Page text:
Trustees could contravene legal obligations with default occupation category

The design and disclosure of occupational defaults of insurance inside superannuation need to be improved by trustees to deliver better member outcomes, according to the Australian Securities and Investments Commission (ASIC).

ASIC said trustees could be contravening their legal obligations if they failed to ensure that insurance premiums charged to members were based on appropriate statistical assumptions. When a fund’s occupational default was set to the highest risk category to ensure all members were covered regardless of occupation, premiums were comparatively high.

ASIC’s review into the occupational default practices of 21 trustees who were using a high-risk occupational category as the default in their MySuper products found three main issues.

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These were:

  • Significant variation in the sophistication of trustees’ assumptions and in the factors they took into consideration when designing their default category;
  • Poor disclosure by some funds, including about the relative cost of premiums in different categories and, in the case of 15 trustees, the use of a generic labels (such as ‘standard’ or ‘general’) for the most expensive category; and
  • The process for members to update their occupational category was generally not readily apparent or accessible.

ASIC said to enhance member outcomes with default insurance super funds should ensure that:

  • Effort was made, through engagement with members and employers, to gather better occupation data about individuals and cohorts so that default settings were based on appropriate statistical assumptions and were fair and reasonable;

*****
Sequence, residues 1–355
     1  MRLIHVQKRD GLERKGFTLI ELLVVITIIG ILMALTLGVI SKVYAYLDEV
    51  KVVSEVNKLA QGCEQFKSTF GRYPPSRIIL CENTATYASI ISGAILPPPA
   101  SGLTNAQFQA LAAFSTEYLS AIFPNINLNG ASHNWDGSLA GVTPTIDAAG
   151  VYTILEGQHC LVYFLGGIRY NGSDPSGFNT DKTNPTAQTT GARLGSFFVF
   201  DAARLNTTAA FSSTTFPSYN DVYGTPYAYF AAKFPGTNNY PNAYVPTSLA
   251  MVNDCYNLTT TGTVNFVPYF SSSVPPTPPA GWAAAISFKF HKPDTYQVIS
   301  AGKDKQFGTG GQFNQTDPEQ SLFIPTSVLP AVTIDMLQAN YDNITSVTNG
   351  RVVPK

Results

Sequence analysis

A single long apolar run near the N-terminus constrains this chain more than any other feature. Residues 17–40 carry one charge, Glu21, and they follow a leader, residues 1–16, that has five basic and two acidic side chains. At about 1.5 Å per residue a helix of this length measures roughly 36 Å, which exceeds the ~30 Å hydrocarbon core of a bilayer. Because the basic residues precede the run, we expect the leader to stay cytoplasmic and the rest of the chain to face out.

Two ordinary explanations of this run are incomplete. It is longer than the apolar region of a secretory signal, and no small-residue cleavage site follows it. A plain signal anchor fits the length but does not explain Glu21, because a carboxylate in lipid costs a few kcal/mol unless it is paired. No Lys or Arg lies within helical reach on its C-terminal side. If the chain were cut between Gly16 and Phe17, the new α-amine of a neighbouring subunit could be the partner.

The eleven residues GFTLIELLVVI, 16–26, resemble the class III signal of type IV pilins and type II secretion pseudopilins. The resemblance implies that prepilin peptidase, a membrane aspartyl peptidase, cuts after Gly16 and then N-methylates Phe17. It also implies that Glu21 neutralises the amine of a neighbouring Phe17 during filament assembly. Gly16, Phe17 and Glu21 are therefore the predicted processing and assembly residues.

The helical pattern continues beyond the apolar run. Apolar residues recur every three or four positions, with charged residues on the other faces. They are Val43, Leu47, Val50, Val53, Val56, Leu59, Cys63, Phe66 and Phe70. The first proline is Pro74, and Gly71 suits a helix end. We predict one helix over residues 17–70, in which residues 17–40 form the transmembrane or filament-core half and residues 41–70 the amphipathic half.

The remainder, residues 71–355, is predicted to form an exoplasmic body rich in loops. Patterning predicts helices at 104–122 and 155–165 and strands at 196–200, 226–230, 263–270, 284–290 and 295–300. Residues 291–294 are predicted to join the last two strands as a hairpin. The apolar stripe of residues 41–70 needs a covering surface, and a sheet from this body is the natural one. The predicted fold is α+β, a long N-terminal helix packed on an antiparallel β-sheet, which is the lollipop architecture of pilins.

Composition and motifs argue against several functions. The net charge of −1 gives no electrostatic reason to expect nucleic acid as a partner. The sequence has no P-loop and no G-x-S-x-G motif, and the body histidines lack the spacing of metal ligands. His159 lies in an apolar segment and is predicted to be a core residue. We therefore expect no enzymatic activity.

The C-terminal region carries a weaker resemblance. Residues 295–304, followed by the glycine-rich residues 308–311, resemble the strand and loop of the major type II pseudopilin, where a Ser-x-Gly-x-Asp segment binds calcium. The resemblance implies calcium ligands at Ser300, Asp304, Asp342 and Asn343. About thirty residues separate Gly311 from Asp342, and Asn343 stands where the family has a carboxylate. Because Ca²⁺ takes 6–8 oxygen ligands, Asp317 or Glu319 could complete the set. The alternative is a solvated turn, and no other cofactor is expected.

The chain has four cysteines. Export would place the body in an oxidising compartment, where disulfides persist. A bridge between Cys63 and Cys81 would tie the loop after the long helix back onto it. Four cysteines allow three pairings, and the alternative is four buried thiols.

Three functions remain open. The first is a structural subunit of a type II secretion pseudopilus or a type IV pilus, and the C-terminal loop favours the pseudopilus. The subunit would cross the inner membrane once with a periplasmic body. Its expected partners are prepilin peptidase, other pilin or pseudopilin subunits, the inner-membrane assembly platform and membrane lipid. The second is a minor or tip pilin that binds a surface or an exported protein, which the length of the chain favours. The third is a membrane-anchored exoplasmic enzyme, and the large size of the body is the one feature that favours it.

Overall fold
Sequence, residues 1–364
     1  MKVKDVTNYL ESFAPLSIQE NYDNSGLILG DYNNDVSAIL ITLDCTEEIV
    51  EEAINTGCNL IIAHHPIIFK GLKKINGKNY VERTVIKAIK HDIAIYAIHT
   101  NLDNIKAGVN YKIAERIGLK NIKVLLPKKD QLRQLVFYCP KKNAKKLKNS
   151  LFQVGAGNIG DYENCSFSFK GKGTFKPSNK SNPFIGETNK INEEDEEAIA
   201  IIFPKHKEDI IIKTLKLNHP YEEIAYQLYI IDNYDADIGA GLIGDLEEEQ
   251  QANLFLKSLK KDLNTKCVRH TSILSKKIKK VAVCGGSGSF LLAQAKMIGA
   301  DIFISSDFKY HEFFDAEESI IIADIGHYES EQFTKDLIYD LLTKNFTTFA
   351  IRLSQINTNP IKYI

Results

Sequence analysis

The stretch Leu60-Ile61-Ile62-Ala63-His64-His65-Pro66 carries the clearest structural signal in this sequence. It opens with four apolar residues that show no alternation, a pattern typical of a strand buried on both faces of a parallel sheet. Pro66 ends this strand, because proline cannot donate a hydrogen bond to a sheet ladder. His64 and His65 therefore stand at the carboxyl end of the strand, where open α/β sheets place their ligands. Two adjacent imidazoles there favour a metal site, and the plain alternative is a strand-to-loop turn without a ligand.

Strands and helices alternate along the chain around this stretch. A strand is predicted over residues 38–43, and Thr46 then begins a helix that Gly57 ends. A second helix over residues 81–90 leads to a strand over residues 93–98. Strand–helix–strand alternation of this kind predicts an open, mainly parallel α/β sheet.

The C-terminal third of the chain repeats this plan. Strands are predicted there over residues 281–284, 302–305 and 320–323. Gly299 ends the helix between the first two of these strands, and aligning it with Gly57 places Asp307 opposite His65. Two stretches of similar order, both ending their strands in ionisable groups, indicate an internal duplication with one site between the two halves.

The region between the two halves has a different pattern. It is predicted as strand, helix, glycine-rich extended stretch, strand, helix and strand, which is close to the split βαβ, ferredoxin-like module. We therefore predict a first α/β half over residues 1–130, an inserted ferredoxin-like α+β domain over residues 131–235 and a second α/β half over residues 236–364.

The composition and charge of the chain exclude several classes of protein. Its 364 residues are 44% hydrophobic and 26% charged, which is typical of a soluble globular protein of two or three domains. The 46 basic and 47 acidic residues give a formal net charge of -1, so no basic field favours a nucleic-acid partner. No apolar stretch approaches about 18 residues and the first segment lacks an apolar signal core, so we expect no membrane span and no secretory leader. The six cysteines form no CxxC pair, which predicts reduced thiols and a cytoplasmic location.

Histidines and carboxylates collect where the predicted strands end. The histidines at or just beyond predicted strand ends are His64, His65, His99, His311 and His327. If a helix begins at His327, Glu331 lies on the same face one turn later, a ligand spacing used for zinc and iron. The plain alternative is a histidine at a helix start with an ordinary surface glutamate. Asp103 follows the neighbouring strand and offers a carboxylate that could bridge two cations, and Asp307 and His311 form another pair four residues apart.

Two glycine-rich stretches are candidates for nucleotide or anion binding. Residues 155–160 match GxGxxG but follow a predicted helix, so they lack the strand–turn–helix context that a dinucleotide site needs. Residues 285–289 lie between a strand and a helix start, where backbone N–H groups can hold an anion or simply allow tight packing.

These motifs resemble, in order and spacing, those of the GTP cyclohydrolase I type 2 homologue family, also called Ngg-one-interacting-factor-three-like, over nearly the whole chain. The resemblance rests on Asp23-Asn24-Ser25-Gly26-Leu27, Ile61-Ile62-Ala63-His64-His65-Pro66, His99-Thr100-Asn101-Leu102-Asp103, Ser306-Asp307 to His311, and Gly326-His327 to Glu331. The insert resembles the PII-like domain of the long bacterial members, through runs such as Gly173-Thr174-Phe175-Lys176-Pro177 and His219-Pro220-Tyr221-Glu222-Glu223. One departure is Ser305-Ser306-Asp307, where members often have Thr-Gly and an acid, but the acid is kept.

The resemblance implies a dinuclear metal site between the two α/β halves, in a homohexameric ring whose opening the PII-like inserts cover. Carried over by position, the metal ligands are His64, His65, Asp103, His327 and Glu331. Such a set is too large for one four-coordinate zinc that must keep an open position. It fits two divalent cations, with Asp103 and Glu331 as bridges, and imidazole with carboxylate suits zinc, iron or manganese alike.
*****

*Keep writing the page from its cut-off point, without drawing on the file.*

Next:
• Occupational default labels were meaningful, promoted understanding of the level of risk and associated cost of the category, and trustees took prompt action to address any mis-categorisation;
  • Disclosures clearly stated:
    • A member’s occupational category;
    • The meaning of the category;
    • The cost of the insurance in that category;
    • Whether the member would be eligible for an alternative category that was less expensive or provided a greater level of cover; and
    • Members could easily amend their profile so that premiums were charged based on accurate information.

ASIC commissioner, Danielle Press, said: “Our review found that the design and disclosure of occupational defaults are two areas where trustees can do more to improve member outcomes. They can do more by gathering better occupational data about fund members and by providing better disclosure to their members.

“Better occupation data about members will assist trustees in designing fair and reasonable default insurance, and good, clear disclosure can empower their members to make better informed decisions about their insurance arrangements.”



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